At General Synod in July it was not just the liberals who supported the call for a ban on ‘conversion therapy’, an ill-defined phrase which ends up including any counselling or prayer ministry sought by those who want to move away from same sex desire (see this clearly written recent account). Some evangelicals, and theologically orthodox Bishops voted for the motion, thereby voting in favour of LGBT ideology and the restriction of biblical Christian sexual ethics and pastoral practice. Perhaps they wanted to show their opposition to unkindness towards people identifying as gay (which all right-minded Christians share), but believed that they would be free to retain their understandings of sex and marriage in the private sphere as long as it’s not ‘imposed’ on anyone else.
How wrong they are. The new missionary-imperialists of pansexuality will not stop at “full inclusion” of sexually active LGBT people in the leadership of the church, blessing of gay relationships and same sex marriage in church services, just as they will not stop at teaching children to accept and celebrate gender fluidity and transition. It is not just the lack of welcome and bullying experienced by the LGBT minority which is seen as the problem, but the beliefs behind it, which lead to the actions – for example ‘misgendering’ a ‘transgender’ child. According to an increasingly prevalent view, traditional beliefs that biological sex corresponds to gender, that heterosexual marriage or celibate singleness is good while homosexual practice is sinful, are in themselves harmful. The fact that some people believe these things causes distress, and so these beliefs should be ‘stamped out’.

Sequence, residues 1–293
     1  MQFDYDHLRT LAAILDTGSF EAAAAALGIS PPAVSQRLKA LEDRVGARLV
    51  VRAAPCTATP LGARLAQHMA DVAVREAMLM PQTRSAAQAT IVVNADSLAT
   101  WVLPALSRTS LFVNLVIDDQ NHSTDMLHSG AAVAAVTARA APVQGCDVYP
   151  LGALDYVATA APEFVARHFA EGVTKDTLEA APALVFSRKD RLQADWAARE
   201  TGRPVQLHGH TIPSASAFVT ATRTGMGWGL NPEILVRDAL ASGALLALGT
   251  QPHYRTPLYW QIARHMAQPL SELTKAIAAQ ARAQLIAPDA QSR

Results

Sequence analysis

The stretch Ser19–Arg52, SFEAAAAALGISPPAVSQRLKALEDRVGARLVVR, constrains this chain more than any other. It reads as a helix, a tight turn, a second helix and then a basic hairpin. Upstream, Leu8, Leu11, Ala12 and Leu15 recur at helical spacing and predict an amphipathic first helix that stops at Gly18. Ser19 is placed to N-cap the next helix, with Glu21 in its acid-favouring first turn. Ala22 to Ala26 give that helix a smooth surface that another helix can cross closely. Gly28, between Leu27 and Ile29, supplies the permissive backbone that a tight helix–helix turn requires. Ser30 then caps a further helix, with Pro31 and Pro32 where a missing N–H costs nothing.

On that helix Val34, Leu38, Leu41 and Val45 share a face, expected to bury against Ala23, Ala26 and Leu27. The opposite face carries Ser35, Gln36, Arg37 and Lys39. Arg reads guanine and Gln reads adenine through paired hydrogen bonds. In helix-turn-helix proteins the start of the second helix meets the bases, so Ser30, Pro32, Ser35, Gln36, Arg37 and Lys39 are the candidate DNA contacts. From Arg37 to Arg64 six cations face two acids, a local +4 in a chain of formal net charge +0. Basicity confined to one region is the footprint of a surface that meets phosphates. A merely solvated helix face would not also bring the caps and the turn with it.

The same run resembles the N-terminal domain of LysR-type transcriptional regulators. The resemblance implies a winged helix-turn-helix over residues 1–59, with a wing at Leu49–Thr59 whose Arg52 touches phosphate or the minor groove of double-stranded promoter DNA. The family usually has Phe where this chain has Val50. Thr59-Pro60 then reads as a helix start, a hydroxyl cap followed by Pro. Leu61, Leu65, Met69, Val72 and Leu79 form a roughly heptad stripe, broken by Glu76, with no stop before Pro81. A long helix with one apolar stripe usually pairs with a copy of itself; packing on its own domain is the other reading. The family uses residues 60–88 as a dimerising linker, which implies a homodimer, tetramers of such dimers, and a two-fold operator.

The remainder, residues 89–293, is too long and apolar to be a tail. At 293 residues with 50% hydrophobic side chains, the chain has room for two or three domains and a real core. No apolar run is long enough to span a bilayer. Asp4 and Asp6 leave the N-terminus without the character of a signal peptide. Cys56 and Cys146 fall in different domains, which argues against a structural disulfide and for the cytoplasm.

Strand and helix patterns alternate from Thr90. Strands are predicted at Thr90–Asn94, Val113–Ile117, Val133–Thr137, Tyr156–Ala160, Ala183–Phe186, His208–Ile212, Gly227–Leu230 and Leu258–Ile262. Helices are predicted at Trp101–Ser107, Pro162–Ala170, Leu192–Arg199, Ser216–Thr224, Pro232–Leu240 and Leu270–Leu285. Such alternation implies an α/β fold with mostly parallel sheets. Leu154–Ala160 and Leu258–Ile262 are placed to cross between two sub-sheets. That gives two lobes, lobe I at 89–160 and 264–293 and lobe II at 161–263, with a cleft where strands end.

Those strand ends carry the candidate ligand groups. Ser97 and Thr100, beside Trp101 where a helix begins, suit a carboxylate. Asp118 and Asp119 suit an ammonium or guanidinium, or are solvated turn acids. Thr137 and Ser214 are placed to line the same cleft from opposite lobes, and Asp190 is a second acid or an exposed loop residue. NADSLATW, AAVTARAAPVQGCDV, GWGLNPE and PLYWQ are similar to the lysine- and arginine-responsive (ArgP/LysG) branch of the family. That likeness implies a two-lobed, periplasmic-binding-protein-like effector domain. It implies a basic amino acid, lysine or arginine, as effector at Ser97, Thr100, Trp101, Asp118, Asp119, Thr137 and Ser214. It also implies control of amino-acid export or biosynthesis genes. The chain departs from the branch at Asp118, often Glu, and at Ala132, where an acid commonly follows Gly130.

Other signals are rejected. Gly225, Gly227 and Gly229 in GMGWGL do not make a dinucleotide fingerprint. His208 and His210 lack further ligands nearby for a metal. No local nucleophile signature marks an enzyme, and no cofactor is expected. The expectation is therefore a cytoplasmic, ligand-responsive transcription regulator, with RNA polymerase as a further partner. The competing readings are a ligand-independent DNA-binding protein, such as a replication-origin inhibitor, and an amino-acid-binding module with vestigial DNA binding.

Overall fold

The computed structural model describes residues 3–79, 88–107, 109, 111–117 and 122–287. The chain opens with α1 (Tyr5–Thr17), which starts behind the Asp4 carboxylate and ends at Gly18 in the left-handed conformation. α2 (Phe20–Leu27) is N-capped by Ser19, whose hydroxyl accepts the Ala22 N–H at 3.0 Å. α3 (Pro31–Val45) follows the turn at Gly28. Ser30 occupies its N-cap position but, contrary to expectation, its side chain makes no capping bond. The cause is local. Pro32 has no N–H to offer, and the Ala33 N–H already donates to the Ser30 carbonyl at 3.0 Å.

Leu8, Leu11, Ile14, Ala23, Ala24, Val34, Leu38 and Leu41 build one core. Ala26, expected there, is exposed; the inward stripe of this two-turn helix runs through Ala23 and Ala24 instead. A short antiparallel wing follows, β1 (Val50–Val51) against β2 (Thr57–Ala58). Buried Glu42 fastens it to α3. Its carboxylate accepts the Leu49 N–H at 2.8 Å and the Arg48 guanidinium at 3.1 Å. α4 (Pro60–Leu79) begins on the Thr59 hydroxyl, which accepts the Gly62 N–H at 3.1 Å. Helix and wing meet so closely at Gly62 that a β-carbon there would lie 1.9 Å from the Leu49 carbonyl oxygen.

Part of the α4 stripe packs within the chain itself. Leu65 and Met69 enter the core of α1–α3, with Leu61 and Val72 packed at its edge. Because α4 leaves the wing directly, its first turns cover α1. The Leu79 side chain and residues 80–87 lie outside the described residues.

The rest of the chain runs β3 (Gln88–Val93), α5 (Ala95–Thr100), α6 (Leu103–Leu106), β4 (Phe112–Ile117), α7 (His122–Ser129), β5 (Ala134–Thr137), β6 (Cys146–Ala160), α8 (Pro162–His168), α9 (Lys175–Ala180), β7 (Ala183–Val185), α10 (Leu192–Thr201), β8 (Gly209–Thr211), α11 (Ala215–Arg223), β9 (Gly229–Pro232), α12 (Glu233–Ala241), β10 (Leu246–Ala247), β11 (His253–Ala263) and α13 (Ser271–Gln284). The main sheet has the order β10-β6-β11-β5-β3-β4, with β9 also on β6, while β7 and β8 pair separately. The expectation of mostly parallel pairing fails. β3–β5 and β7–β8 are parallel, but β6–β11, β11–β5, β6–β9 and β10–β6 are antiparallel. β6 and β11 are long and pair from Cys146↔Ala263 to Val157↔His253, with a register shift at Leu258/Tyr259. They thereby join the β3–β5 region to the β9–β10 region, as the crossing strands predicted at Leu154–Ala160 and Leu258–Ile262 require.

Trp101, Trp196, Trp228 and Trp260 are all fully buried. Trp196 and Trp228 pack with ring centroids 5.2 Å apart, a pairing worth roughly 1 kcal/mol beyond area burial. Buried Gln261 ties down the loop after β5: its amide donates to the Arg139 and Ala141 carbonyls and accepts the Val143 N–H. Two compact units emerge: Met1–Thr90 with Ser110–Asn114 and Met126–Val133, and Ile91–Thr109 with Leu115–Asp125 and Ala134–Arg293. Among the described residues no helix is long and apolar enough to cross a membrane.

American academic Christopher Rosik, reviewing a recent influential paper which appeared in the journal of the American Psychological Association, shows how LGBT campaigners use the findings of ‘research’ to state categorically that religious beliefs showing “a basic lack of approval” of homosexual practice cause “minority stress” even among those who have no contact with those who hold these beliefs. The newly formed Ozanne Foundation appears to hold a similar view. Rosik’s piece should be read carefully, as he concludes that it will soon be difficult to “hide from the social and policy implications of research that declares their historic Judeo-Christian sexual ethic to be a severe threat to the health and wellbeing of LGB persons.”
LGBT people feel a lack of full validation for their identity and behaviour, because of the existence of conservative religious beliefs in society. This causes distress, and so the belief system should be discouraged.This is the basis of the new attack on freedom of thought and expression. It should be challenged at the highest levels, and this is why Anglican Mainstream is supporting a new campaign to “reclaim religious freedom”through a new Act of Parliament.